After a trial run on some nice smooth grass, we were off on a 20-minute woodland tour - which is where the tree roots came into play. But despite the bumps, and my fear of tipping over, my toes eventually began to relax their fearsome grip inside my boots - 10mph had never felt so fast - and I began to relax.
Soon we were weaving in and out of the trees along the avenue of Blair Castle Drive, then went ‘off-road’ into the forest, before Segway-ing through Hercules Garden and Diana’s Grove again.
By the time we were back at the start - just behind the caravan park office - I was ready to book again. David kindly then let my kids have a turn round the trial area and unsurprisingly they loved it. This is something everyone should do.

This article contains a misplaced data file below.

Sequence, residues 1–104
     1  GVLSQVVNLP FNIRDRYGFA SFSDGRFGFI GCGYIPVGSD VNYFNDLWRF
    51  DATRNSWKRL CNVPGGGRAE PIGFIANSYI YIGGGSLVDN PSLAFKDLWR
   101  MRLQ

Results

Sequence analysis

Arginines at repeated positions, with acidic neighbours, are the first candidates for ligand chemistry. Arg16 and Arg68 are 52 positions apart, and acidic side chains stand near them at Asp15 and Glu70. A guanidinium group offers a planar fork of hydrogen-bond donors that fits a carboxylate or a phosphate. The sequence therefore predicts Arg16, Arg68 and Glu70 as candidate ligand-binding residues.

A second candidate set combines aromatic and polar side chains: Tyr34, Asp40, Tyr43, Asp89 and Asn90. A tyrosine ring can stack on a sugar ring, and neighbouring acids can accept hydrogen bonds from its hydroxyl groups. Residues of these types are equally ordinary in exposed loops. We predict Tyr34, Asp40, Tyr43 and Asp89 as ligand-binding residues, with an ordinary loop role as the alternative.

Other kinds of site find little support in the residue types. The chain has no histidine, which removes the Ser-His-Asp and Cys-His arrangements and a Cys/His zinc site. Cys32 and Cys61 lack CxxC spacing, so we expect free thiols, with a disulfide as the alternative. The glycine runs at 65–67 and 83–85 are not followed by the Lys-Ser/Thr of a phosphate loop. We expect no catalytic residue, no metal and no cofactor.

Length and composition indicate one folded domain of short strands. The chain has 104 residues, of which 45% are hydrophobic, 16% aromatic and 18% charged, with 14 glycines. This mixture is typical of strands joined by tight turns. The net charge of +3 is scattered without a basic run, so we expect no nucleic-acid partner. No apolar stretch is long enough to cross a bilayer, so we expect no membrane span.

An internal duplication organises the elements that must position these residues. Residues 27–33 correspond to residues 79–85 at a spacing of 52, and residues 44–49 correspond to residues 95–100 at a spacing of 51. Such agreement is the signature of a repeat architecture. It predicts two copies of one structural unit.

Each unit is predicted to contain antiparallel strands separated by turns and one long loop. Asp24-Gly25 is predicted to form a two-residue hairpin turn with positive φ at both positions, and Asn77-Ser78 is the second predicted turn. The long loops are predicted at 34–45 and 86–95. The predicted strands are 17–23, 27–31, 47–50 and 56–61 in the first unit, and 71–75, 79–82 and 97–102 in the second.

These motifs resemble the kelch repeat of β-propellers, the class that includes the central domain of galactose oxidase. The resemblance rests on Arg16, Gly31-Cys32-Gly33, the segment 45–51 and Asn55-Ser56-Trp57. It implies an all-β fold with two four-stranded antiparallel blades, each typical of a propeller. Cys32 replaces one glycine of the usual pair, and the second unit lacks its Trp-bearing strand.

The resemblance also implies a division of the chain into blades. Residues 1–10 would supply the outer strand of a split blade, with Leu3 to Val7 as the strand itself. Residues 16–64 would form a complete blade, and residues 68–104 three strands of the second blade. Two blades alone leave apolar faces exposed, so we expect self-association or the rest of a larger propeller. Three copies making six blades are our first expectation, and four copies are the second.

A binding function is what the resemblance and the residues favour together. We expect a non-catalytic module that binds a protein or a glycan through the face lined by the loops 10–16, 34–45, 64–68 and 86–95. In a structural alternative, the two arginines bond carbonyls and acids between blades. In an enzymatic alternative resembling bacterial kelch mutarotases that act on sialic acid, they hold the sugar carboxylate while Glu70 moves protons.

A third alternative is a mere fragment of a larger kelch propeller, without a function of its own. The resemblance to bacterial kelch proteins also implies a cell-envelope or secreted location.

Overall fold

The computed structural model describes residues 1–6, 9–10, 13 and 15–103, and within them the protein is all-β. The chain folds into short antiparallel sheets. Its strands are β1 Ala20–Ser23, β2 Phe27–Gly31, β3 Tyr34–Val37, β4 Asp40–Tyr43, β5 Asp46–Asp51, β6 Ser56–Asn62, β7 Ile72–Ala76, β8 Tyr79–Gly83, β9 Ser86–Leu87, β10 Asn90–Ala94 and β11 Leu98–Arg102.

As is a visit to Blair Castle estate. It is a natural wonder of Scotland
• To stay at Blair Castle Caravan Park visit. www.blaircastlecaravanpark.co.uk. Prices for a three-night stay at a three-bed woodland lodge are around £395. For more information on SegwayEcosse visit www.segway-ecosse.com. Prices starts at £10 for 10 minutes, £16 for the woodland tour.